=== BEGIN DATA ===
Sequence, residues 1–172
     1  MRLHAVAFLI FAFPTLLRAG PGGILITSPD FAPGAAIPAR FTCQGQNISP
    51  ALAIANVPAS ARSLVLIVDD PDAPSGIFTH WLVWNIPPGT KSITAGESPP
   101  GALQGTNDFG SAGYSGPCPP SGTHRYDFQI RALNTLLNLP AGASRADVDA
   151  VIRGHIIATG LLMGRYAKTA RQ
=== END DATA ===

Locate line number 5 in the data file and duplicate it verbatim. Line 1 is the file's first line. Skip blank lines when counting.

   151  VIRGHIIATG LLMGRYAKTA RQ